The acquisition of El Segundo-based Unocal Corp. last week left just one player standing in the local oilman's club: Occidental Petroleum Corp.
But don't count on Oxy to be picked off next.
With a market cap of $29 billion, the Los Angeles-based energy company remains much smaller than the so-called super-majors such as ChevronTexaco Corp., which agreed to acquire Unocal for $16.4 billion. Both Unocal and Atlantic Richfield Co., which was gobbled up by BP Amoco Plc in 1999, have succumbed to a super-major.
Yet Occidental is considered fiercely independent and more likely to buy than be bought.
At a time when the largest oil companies are de-emphasizing their on-shore U.S. assets, Occidental is looking to add to its U.S. portfolio especially in Texas and California.
"We expect to be expanding our domestic operations," said Occidental spokesman Larry Meriage.
The company has a history of hovering around the merger table for leftovers, picking up the forced divestiture of BP Amoco and Royal Dutch/Shell's West Texas joint venture, Altura Energy, for $3.6 billion in 2000.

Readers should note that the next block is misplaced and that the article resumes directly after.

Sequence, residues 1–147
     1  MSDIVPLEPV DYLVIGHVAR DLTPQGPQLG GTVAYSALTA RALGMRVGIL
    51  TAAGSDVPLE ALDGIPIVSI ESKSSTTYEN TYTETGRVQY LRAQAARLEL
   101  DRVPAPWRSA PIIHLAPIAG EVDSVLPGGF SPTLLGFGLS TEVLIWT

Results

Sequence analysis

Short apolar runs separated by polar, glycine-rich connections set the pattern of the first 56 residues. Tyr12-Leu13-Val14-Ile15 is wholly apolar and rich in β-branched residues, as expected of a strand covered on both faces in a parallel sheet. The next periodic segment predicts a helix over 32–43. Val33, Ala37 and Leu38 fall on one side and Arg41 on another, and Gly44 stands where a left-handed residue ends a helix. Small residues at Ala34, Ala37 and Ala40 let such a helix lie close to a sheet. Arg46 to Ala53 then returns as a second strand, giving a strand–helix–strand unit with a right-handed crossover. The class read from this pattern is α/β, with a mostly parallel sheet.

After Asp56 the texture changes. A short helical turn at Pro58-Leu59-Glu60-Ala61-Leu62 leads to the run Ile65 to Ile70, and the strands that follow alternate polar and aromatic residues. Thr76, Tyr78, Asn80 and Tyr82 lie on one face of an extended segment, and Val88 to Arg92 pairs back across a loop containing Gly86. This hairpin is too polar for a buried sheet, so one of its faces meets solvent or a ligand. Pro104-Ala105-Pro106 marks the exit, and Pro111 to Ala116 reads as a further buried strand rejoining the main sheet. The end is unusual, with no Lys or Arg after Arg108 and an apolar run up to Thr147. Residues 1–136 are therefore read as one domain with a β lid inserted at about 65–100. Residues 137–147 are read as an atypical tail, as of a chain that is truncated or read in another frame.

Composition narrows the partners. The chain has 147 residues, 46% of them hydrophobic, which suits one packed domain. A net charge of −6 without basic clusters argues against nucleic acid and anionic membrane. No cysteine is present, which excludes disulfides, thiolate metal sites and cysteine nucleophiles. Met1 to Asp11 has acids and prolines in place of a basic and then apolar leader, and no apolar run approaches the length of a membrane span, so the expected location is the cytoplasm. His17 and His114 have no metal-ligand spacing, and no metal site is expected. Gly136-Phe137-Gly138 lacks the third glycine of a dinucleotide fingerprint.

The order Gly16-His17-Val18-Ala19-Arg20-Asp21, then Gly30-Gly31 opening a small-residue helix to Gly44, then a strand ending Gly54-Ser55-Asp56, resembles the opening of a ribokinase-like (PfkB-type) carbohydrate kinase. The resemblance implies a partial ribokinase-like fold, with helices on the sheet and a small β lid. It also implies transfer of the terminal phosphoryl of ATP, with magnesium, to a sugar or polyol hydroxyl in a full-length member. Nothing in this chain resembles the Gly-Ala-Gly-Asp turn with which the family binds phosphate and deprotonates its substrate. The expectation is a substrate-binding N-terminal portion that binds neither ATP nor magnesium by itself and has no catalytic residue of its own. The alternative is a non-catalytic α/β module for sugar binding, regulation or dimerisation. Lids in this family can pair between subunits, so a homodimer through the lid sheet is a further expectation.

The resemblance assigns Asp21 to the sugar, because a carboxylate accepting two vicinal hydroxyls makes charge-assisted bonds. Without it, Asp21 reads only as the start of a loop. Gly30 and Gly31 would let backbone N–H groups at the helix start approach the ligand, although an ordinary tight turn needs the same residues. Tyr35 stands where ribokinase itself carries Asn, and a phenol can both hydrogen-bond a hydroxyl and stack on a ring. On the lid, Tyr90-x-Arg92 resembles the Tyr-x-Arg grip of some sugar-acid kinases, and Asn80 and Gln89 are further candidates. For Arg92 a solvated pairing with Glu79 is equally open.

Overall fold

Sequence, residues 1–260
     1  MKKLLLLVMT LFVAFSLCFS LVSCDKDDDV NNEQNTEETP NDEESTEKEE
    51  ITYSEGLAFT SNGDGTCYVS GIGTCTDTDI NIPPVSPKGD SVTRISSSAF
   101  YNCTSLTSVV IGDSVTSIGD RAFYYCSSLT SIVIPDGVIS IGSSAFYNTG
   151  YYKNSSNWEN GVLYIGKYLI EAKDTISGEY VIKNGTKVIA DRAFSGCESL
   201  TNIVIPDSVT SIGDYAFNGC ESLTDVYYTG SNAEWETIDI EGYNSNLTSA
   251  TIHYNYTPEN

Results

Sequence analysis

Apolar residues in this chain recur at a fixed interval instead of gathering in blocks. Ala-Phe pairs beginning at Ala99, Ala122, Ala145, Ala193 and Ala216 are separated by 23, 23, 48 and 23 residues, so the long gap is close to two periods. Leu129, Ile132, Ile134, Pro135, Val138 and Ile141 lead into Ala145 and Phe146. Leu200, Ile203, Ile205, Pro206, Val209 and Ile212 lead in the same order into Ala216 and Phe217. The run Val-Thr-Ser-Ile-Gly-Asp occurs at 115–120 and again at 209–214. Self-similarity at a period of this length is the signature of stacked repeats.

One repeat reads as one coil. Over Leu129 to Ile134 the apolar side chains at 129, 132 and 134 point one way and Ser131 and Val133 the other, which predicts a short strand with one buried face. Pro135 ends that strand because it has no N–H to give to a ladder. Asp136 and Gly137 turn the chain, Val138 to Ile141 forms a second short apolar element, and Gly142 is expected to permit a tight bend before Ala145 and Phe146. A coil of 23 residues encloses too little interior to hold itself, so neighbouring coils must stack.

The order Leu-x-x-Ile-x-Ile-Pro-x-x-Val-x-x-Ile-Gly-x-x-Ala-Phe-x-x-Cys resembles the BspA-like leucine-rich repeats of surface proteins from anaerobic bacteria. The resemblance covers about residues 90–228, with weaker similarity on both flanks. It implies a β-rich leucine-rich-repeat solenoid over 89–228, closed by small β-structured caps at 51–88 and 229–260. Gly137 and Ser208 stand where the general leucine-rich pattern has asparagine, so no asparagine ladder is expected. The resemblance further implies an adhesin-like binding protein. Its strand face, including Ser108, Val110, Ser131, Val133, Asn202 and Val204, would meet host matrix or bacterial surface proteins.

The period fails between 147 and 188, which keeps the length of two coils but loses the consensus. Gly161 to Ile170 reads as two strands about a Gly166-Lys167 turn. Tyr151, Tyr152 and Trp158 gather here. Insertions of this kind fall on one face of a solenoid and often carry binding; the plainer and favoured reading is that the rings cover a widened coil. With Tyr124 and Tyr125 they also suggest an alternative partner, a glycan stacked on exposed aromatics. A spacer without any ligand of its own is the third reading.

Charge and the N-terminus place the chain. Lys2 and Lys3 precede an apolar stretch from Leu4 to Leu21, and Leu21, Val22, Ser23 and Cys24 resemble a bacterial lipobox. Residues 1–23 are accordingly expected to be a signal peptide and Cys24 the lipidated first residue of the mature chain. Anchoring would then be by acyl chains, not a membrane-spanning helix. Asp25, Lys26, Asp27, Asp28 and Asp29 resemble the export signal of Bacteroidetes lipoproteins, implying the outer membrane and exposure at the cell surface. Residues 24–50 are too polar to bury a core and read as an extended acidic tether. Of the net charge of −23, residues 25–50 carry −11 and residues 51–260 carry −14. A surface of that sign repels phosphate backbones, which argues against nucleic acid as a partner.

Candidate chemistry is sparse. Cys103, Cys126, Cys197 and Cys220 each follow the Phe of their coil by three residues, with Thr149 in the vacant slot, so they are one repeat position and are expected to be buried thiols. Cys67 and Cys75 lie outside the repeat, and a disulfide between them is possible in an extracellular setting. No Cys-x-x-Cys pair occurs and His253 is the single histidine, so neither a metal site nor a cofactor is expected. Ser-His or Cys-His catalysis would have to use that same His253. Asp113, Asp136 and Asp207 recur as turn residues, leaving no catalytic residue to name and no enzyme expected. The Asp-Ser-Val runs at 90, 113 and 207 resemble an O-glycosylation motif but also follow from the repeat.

Now the largest oil producer in Texas, Occidental may be the one to catch any properties that shake out of the Unocal deal. ChevronTexaco said it expects to sell about $2 billion in assets after the merger, widely believed to involve both companies' holdings in Texas and California.
"Occidental's got a lot of cash, and both Unocal and Chevron are large producers in the Permian Basin," said Bernard Picchi, an analyst with Foresight Research Solutions. The Permian Basin is a massive oil field that stretches from West Texas to New Mexico.
Analysts call it a badly-kept secret that Occidental is about to announce the acquisition of some of ExxonMobil Corp.'s West Texas operations.
Meriage declined to discuss the possible purchase, saying only, "We have stated on a number of occasions that we expect to be an active acquirer in the Permian Basin."
Exploiting older fields
Occidental has been acquiring mature U.S. properties because it found a way to make older fields more profitable, using techniques first developed in the desert fields of Yemen and Oman.
"They've reengineered these fields, applied cutting-edge resource management technology, and, as a result, have been able to produce an incredible amount of oil and gas," Picchi said. He noted that Occidental has realized greater reserves on the U.S. properties than existed at purchase.
One example is Occidental's 1998 purchase of the Elk Hills oil and gas field near Bakersfield from the federal government for $3.5 billion. To extract oil from the porous shale, Occidental used new compression techniques, acid stimulation processes and three-dimensional seismic surveys. By 2001, the company had drilled 1,200 new wells and more than doubled production from the field's shale zone, adding millions of barrels of new reserves and three new gas sales pipelines.
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